- In her solo series, Cindy’s powers are similar to Peter’s as well, having been bitten by the same spider, though her Spider-Sense (dubbed “Silk Sense”) is stronger than Peter’s, and she can produce organic webs from her fingertips. While she lacks Peter’s superior strength, she possesses an eidetic memory.
- Not exactly urgent info, but Silk is my personal favorite Spider.
Honorable Mention Spiders
Miguel O’Hara, Spider-Man 2099
- First appearing in The Amazing Spider-Man #365 in 1992, Miguel O’Hara is Mexican-Irish and was the first Latino character to assume the identity of Spider-Man. (And he seems to be only one of two.) He is a geneticist living in New York in the year 2099 A.D. He attempts to “recreate the abilities of the original Spider-Man in other people and later suffers an accident that causes half his DNA to be re-written with a spider’s genetic code” (Wikipedia).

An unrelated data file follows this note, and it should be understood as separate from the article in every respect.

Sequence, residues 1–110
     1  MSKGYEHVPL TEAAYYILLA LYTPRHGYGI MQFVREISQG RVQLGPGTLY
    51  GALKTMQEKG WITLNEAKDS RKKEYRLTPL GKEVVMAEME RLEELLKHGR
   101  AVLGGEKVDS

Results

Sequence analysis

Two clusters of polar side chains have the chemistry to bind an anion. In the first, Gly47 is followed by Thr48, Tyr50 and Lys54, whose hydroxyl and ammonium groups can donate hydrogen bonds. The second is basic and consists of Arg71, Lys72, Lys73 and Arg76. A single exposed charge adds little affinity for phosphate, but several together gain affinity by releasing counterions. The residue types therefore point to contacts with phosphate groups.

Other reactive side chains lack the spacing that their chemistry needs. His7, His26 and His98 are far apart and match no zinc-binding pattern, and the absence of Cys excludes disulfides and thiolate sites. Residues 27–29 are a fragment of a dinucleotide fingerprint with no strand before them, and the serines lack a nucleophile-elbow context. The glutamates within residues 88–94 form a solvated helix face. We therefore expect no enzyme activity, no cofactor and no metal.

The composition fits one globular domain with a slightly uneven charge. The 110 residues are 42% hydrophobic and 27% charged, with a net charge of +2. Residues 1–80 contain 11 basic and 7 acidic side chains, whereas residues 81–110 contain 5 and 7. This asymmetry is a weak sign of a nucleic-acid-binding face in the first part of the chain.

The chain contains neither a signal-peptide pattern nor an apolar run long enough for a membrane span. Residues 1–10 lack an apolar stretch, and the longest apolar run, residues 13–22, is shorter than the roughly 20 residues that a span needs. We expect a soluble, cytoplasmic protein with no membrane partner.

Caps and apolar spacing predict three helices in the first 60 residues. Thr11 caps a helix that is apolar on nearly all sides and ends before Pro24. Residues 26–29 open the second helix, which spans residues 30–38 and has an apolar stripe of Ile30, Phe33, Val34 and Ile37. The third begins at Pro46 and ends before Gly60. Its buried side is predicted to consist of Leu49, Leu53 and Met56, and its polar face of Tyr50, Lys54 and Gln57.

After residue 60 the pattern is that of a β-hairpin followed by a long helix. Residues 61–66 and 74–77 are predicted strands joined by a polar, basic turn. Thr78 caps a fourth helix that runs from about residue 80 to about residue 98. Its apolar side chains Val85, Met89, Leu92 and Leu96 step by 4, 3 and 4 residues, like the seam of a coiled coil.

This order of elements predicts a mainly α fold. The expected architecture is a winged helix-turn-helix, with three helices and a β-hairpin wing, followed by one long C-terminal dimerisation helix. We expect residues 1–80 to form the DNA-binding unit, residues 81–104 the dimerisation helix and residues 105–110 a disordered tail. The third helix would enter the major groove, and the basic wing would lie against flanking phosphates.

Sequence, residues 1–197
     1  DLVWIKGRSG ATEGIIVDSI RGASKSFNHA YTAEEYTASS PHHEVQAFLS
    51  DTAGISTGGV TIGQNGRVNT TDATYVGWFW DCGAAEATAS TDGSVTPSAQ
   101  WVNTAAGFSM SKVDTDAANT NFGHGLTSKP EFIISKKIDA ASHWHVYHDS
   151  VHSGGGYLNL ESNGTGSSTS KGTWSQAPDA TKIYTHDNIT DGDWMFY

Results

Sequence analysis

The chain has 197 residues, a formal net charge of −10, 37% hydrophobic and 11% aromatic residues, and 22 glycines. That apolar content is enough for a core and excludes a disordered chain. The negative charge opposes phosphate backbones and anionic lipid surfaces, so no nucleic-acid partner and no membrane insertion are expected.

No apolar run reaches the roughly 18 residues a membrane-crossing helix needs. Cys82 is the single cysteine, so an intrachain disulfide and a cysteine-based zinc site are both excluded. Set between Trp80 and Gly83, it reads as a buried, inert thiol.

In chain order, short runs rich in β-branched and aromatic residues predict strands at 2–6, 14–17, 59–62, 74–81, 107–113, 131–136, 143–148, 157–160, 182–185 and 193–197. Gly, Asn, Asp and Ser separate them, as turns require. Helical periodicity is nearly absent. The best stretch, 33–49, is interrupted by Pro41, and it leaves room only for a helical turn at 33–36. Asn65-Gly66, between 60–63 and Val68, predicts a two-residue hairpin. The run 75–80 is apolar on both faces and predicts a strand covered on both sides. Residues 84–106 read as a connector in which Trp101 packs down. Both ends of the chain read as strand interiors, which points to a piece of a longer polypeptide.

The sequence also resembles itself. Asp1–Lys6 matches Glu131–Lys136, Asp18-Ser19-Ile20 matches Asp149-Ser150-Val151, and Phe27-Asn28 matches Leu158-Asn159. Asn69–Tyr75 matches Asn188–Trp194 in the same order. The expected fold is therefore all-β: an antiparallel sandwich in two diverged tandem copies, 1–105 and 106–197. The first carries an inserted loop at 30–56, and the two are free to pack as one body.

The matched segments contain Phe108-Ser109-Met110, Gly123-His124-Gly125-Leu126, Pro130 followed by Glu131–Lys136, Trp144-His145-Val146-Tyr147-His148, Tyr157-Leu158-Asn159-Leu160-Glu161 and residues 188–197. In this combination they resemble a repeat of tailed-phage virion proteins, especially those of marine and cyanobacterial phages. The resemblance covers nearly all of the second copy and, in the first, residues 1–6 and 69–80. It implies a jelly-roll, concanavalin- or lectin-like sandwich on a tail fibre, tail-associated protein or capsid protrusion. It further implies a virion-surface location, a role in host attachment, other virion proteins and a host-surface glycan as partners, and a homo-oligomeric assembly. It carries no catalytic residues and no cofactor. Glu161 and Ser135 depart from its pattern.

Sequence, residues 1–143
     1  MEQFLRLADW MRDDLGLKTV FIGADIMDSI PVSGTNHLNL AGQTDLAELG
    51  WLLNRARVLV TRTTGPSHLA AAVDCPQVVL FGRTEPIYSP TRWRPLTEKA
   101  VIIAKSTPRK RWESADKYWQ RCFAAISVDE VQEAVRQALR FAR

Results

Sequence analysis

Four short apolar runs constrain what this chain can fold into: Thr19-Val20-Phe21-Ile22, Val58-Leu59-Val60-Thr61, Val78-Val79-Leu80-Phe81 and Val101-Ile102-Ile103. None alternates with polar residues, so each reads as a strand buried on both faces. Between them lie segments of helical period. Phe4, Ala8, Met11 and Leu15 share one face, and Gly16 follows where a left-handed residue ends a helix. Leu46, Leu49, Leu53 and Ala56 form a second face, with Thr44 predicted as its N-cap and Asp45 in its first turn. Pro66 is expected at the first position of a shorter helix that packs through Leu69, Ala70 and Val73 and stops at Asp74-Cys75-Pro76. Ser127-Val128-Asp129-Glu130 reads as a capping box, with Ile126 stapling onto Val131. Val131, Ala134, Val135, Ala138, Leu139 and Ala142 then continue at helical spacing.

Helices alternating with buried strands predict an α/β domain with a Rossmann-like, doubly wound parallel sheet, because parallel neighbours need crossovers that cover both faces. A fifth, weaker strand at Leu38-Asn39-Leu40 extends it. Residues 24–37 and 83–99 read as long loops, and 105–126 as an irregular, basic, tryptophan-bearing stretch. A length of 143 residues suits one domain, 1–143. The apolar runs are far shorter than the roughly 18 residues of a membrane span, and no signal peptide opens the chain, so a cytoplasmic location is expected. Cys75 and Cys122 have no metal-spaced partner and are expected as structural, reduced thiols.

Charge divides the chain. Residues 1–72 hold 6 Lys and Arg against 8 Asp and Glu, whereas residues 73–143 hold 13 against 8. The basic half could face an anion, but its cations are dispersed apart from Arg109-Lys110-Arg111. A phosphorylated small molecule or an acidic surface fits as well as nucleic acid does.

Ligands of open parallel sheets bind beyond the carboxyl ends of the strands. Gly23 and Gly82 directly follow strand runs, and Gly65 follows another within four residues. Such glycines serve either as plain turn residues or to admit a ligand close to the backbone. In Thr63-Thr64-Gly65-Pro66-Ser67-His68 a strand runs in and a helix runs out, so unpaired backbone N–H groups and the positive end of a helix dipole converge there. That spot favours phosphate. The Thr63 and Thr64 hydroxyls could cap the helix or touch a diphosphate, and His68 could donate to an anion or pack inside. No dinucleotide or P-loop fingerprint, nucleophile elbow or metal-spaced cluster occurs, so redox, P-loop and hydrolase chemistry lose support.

- Miguel seems to be the most diverse Spider-Man in terms of abilities; not only does he possess the original Spider powers (enhanced strength, speed, agility, reflexes, durability, hearing, and healing as well as already possessing genius-level intelligence), Miguel has enhanced vision (telescopic and night-vision), talons on his fingers and toes for wall-climbing as well as weapons, organic webbing from his forearms, temporary-paralysis venom from his fangs, and wears an indestructible costume of “unstable molecule fabric with air-foil that allows gliding.”
- His costume is a bodysuit and mask he once wore for a Day of the Dead festival; it is the only clothing he owns made of Unstable Molecule Fabric and will not be torn by his talons.